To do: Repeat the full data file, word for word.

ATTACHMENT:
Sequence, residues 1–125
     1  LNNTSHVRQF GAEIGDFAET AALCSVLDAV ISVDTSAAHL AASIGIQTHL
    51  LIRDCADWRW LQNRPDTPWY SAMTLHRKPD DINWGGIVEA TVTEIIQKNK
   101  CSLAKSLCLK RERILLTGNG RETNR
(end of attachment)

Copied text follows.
Sequence, residues 1–125
     1  LNNTSHVRQF GAEIGDFAET AALCSVLDAV ISVDTSAAHL AASIGIQTHL
    51  LIRDCADWRW LQNRPDTPWY SAMTLHRKPD DINWGGIVEA TVTEIIQKNK
   101  CSLAKSLCLK RERILLTGNG RETNR